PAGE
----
They say the third time’s the charm, but this doesn’t quite hold true in the third installment of DreamWorks’ popular Shrek franchise, Shrek the Third. The film marks DreamWorks Animation Studio’s first venture into “three-quel” territory, a seemingly logical decision after the financial and critical success of the first two Shrek films. However, by the time we meet Shrek and company for the third time, the novelty has worn off, and some of the jokes and plotlines start to feel tired. I wouldn’t call Shrek the Third a bad movie, but it fails to live up to the high expectations set by its predecessors.
At the start of the film, Shrek’s new father-in-law King Harold the frog dies, or “croaks,” to use the filmmakers’ questionable terminology. This leaves our titular ogre as the heir to the throne of Far Far Away, a job he has no desire to fulfill, as he wants to resume his peaceful swamp life with wife Fiona. Luckily for Shrek, there is one other heir: Fiona’s cousin Arthur Pendragon, or Artie for short, voiced by Justin Timberlake. Thus Shrek, along with Donkey and Puss in Boots, sail off to Worcestershire Academy to pick up the awkward teen and inform him of his new ruling status, but not before Fiona drops a major bombshell by informing her husband that she’s pregnant, and he’s going to be a father.
While Shrek and the guys are off recruiting Artie, Fiona, her mother Queen Lillian, and an assortment of princesses and Shrek’s fairy tale friends celebrate Fiona’s mother-to-be status at the castle. However, their festivities are cut short when Prince Charming (introduced in Shrek 2) and a horde of fairy tale villains storm the castle, and Charming attempts to claim the throne for himself, thereby obtaining the “happily ever after” he insists he rightfully deserves.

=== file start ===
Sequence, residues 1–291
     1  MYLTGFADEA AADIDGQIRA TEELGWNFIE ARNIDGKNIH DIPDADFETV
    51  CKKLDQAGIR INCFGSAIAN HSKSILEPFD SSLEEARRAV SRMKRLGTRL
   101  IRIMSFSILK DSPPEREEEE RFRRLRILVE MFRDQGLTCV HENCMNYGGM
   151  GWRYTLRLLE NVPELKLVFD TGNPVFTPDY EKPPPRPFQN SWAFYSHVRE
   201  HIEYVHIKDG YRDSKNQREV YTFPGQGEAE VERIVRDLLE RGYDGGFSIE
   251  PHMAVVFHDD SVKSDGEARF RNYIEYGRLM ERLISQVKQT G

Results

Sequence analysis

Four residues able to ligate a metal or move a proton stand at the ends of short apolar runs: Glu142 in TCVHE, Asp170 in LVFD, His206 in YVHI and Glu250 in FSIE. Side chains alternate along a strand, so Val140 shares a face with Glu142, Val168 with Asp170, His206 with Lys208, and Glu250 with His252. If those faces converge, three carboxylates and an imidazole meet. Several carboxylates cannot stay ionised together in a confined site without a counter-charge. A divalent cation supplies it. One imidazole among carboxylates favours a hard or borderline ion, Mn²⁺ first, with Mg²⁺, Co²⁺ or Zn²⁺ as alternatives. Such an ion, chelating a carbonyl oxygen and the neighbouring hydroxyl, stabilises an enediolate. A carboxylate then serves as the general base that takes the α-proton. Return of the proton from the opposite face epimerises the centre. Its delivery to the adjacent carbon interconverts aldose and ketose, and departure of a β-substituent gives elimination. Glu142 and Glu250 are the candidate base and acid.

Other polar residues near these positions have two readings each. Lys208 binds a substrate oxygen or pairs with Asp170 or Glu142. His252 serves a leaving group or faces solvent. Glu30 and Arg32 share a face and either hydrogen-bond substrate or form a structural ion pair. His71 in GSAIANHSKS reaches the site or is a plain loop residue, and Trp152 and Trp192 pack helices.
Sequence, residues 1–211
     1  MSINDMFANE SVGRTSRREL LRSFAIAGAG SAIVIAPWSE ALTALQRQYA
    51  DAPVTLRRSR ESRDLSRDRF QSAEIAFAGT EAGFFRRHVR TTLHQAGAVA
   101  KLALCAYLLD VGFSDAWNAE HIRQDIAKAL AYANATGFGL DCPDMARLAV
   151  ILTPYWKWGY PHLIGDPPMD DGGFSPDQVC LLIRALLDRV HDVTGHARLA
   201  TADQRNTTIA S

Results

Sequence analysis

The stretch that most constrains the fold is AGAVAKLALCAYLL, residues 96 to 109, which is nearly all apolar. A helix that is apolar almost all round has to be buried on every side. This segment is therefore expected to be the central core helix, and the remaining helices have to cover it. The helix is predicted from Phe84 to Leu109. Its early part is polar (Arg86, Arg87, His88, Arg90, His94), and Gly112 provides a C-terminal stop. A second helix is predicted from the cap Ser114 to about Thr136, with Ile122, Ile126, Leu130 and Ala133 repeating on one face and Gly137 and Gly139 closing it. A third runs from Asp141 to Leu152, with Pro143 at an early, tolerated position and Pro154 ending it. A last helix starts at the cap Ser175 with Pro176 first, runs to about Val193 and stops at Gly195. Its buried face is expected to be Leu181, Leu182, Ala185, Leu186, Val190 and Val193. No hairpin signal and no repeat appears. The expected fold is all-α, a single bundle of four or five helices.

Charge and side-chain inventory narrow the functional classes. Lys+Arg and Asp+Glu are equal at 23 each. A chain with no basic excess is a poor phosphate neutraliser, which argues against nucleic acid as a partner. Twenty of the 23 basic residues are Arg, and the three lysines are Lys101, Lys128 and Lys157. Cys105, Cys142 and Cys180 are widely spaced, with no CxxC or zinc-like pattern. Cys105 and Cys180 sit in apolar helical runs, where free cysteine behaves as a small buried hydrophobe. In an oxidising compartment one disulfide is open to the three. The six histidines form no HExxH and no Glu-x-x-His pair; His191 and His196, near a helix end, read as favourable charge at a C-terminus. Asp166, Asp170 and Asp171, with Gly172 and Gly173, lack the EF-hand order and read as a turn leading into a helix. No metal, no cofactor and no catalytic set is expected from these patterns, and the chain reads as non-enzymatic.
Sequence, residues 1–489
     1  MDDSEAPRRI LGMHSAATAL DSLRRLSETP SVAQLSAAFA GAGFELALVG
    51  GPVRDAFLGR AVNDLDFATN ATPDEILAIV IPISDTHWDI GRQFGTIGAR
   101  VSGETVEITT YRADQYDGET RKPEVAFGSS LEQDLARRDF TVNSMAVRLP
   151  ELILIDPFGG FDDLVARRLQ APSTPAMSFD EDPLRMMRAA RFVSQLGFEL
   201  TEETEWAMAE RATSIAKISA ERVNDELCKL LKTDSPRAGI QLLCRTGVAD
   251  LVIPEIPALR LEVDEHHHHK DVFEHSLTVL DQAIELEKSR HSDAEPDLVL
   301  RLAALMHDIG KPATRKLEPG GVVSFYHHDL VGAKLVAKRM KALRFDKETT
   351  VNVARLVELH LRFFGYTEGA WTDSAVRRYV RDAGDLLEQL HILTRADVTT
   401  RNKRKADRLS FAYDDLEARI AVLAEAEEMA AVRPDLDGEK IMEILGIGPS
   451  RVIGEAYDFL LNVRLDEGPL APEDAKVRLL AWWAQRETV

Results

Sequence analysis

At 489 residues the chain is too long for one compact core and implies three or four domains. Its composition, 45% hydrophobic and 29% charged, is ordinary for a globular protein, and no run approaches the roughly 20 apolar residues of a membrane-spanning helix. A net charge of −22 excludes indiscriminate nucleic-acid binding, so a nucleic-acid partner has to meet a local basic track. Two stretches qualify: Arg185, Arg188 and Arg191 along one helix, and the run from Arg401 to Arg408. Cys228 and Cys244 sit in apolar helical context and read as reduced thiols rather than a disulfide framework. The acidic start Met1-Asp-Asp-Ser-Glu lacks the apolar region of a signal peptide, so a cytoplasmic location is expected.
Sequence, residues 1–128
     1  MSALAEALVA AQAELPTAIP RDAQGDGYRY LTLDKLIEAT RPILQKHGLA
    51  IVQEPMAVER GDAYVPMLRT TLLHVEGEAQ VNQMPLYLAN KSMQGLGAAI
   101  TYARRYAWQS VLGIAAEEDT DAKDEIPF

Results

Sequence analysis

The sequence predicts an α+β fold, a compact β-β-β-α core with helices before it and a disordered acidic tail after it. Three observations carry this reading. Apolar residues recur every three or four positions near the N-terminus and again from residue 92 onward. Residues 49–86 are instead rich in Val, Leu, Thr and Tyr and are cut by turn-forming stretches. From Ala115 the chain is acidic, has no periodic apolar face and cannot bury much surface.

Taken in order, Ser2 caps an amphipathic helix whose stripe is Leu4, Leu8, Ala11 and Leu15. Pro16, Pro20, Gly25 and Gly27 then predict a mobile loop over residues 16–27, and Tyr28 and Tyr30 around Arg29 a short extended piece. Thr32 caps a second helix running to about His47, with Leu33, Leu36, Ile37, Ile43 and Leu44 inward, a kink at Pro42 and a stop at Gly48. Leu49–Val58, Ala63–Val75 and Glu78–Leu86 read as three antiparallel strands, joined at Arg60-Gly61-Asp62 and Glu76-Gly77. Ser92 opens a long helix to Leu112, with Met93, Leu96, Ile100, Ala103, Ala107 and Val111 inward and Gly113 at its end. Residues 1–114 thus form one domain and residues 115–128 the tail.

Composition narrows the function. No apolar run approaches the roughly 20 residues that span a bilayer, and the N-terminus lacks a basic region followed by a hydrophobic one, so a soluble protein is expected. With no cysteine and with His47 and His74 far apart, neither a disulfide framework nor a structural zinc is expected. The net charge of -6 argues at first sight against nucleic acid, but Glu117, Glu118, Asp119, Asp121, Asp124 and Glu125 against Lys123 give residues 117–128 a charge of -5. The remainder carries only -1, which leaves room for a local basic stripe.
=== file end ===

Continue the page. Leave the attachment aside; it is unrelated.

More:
What follows is a lot of the same banter and slapstick antics that populated the first two Shrek movies, although here it feels a lot less inspired. Wrestling with the responsibilities of becoming a king or impending fatherhood just doesn’t have the same entertainment factor or emotional hook as the fairy tale action and themes of acceptance that permeated the previous films. There are still laughs and enjoyable moments, but they never quite reach the high points that we’ve come to expect from Shrek and company. Watching the film, I couldn’t shake the feeling of waiting for there to be something more, and by the time the credits rolled, I felt I had been somewhat entertained but far from emotionally satisfied.
Fans simply wanting to see their favorite characters in action again won’t be disappointed, as Shrek the Third has the largest roster of characters yet: our main heroes Shrek, Fiona, Donkey, and Puss in Boots are joined by Gingy the gingerbread man, Pinocchio, The Big Bad Wolf, The Three Little Pigs, Dragon, and the baby Dronkeys. We also have Queen Lillian, the Ugly Stepsister, and a posse of princesses including Cinderella, Snow White, Sleeping Beauty, and Rapunzel. When Prince Charming storms into the castle, he brings a crew of villains including Captain Hook, the Evil Queen, Rumpelstiltskin, the Headless Horseman, and more. Then we have brand-new characters Artie and his retired wizard teacher, Mr. Merlin. Unfortunately, while Shrek 2 managed to include a large cast of characters without any of them feeling superfluous, the same thing is not achieved here.
The graphics and animation in Shrek the Third are naturally the series’ best yet, but that can’t save the plot of the film from hanging around in ho-hum territory when it could have been so much more. Regardless, the film brought in a domestic total gross of $322.7 million, below Shrek 2’s $441.2 million but above the original Shrek’s $267.7 million (Box Office Mojo).
As a standalone movie, Shrek the Third works just fine as a mildly enjoyable fairy tale romp, but when comparing it to what came before, I couldn’t help but feel a little cheated.
What did you think of Shrek the Third, and how do you feel it stacks up against the other movies in the Shrek franchise?
Edited by: Kelly Conley